“Pascal (Wehrlein, Mahindra Racing) and Stoffel (Vandoorne, Mercedes-Benz EQ) just kept getting stronger and stronger, quicker than the rest.
“The main difference was the gap between fourth and the rest seemed to shrink a lot as the series went on. It made mistakes in qualifying really show up.
“Throughout my career, I’ve tried a lot of different things and have needed to be adaptable, so that helped. I practiced a lot, and maybe I had more time to than some of the other guys – around three-four hours a day.
“I was annoyed at myself after Hong Kong because I practiced and felt really good but got caught in contact into the first corner.
“I’d put so much effort in to have it ruined in one corner, so this changed my practice routine. I started to do less, and funnily enough, this is when I got quicker!”
Aside from the on-track competition, the pair both enjoyed being able to offer fans something back during a lockdown, whilst supporting vulnerable families and children for UNICEF during the coronavirus pandemic.
The opportunity to reach a wider audience was also something both Mortara and Rowland appreciated – helping open up a sport that can be notoriously inaccessible to many and deliver a slice of the joy that racing brings them to many others.
It provided a rare chance for fans to engage with their heroes "face-to-face" during a race, where ordinarily they'd be cocooned in-car under their crash helmets with just a radio as a bridge to the outside world.
“For me, sim racing is about having fun with my friends and I really find the idea of engaging with fans with platforms like YouTube and Twitch really interesting,” said Mortara.
“In Formula 1, for example, some of the guys are really funny and it’s a good way to get involved with people that way. The more people you can reach, the better it is for us, and for motorsport in general.
“The genre is developing and the games are improving rapidly which is helping that. We have more realistic representations now than ever before.
"Sim racing gives people the opportunity to have the same feelings we have when we race and that’s fantastic.“Everything we can do to help people have the chances we did and get to drive our cars is great, in my opinion."This is happening right now, and I’m sure it’ll get even better in the years to come."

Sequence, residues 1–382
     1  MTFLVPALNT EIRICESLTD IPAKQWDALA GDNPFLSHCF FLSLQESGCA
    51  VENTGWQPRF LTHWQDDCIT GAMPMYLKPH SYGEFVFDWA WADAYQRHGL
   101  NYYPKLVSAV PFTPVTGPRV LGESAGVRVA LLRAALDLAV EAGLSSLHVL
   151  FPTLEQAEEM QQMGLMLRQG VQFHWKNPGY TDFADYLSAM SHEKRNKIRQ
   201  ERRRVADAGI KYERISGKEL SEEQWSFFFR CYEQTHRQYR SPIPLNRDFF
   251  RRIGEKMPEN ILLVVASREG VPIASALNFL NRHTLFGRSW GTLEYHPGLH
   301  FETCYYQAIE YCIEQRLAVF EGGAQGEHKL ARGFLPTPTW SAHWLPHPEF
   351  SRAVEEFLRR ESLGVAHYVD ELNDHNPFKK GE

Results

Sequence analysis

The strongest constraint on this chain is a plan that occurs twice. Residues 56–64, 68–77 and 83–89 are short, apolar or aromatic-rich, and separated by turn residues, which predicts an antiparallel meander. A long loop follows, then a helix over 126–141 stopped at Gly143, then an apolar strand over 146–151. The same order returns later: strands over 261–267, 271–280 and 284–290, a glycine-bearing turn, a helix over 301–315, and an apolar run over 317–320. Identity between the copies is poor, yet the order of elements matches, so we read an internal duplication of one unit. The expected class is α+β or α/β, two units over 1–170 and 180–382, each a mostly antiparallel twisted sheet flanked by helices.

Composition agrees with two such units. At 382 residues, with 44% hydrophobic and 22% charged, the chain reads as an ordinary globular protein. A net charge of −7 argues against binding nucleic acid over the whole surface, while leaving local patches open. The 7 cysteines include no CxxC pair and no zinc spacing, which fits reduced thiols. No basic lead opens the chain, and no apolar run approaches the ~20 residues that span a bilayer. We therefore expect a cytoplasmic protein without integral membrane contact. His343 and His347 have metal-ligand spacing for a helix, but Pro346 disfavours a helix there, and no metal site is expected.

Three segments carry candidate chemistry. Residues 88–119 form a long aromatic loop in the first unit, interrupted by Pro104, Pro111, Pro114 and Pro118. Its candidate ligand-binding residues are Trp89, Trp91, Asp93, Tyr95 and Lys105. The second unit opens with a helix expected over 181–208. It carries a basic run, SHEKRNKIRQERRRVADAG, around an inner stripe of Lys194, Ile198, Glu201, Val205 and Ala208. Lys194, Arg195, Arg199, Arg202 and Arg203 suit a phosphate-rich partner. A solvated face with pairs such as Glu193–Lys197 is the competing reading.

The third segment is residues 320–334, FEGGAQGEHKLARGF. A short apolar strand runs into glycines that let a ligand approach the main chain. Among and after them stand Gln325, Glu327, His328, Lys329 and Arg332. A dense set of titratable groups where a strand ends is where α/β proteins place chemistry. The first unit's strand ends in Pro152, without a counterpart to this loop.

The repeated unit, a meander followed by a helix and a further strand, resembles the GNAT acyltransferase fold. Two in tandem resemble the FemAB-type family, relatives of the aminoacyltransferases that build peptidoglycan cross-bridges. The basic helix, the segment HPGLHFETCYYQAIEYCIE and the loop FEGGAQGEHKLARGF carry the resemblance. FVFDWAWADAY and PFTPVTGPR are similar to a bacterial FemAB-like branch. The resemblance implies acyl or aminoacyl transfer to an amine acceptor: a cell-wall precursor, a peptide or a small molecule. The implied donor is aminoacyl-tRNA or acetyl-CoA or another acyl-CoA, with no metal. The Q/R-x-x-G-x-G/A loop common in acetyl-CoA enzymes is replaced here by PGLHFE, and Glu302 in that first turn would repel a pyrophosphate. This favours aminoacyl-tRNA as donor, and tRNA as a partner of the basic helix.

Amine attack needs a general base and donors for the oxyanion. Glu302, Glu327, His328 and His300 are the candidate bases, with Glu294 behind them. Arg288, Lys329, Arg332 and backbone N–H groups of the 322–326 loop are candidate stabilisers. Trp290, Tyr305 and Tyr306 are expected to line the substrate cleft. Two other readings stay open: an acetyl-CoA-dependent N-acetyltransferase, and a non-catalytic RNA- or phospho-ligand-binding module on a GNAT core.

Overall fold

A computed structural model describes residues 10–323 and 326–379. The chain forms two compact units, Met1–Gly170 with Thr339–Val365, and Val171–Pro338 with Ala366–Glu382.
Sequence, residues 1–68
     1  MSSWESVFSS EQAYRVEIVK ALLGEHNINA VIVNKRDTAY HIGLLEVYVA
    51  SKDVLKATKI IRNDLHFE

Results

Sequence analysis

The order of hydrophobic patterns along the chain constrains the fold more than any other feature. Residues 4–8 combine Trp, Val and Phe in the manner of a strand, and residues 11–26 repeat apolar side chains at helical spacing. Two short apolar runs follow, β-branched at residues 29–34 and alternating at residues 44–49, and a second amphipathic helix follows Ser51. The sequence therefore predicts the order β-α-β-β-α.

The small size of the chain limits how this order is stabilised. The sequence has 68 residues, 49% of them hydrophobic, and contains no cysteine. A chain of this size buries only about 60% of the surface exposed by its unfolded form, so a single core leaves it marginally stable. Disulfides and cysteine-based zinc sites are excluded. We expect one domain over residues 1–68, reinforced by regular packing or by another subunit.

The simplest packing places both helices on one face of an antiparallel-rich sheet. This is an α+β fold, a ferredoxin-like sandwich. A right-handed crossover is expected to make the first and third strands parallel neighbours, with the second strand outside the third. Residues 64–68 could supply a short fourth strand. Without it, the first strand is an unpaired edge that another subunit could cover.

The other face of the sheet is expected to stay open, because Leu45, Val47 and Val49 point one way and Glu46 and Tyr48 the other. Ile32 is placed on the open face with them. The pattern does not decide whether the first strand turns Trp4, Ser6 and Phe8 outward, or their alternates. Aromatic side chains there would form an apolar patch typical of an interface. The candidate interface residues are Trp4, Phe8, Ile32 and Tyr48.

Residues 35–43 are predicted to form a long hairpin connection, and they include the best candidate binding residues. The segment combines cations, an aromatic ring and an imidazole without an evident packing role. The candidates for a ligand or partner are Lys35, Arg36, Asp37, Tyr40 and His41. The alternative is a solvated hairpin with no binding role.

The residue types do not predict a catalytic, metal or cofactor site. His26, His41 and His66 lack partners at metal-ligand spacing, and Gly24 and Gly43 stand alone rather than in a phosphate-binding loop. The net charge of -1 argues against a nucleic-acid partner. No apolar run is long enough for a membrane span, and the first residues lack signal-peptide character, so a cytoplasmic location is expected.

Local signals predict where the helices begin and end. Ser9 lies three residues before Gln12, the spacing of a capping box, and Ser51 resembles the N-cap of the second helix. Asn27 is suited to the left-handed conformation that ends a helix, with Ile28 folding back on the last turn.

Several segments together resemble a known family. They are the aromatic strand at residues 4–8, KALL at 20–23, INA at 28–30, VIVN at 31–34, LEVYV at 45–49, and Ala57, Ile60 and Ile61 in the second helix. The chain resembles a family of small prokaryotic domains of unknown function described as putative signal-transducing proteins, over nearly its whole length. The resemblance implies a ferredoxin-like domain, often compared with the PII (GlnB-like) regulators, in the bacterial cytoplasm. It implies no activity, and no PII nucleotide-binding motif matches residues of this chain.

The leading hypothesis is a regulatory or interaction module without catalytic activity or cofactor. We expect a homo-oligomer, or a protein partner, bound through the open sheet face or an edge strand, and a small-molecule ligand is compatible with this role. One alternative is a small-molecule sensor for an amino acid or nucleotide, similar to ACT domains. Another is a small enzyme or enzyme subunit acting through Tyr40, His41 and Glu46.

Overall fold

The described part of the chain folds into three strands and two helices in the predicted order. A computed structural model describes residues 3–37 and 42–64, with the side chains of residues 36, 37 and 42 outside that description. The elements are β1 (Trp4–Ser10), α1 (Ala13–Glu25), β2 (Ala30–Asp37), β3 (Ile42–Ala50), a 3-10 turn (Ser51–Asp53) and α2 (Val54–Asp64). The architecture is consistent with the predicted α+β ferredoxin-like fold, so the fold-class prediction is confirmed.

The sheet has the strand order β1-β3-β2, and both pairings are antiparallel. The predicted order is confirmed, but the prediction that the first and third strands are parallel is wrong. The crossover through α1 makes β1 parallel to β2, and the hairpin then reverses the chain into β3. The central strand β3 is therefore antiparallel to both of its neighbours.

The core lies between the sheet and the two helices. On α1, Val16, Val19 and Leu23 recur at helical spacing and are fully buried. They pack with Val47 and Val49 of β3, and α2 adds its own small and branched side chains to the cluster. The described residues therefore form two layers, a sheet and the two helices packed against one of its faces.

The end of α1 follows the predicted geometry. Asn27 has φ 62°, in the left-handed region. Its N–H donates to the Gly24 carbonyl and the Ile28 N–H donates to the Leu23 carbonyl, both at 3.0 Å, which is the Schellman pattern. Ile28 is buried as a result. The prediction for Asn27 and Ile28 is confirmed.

“It gives people the opportunity to have the same feelings we have when we race and that’s fantastic.
"Motorsport is not for everyone; it can be expensive and not so accessible.
“Everything we can do to help people have the chances we did and get to drive our cars is great, in my opinion.
"This is happening right now, and I’m sure it’ll get even better in the years to come.”
“It’s been great for the fans, giving them something to tune in to where they’d usually be watching us race in the stands or on TV,” echoed Rowland.
“It was a really good initiative to have it on TV and across channels like YouTube to give something back when there was little sport and no racing.
“I enjoyed it a lot. When I get the time, it’s something I’m going to keep on with for sure.”
The advice for those looking to develop and get themselves out on to a race-track for-real? Apply yourself and, fingers crossed, opportunities may follow as the discipline develops.
“You have some very talented sim racers out there,” said Mortara. “I’ve raced against them and I know their passion. The level they’re at is absolutely incredible.
“Making the switch to real race cars is another thing, but I hope that some of the best get a chance to test or race with us in the future.”
“Sim racers could probably give me advice, more than anything else!” added Rowland. “If they were looking to make the transition to the track, it’s just about developing an understanding.
“They’ve clearly got the basics down on a simulator given how competitive and quick they are. So, it would just be about feeling and understanding how to translate that feel you get from the car into control and input.
“So, just like anything else, you need to apply yourself and put practice in. If you do that, it’ll come.”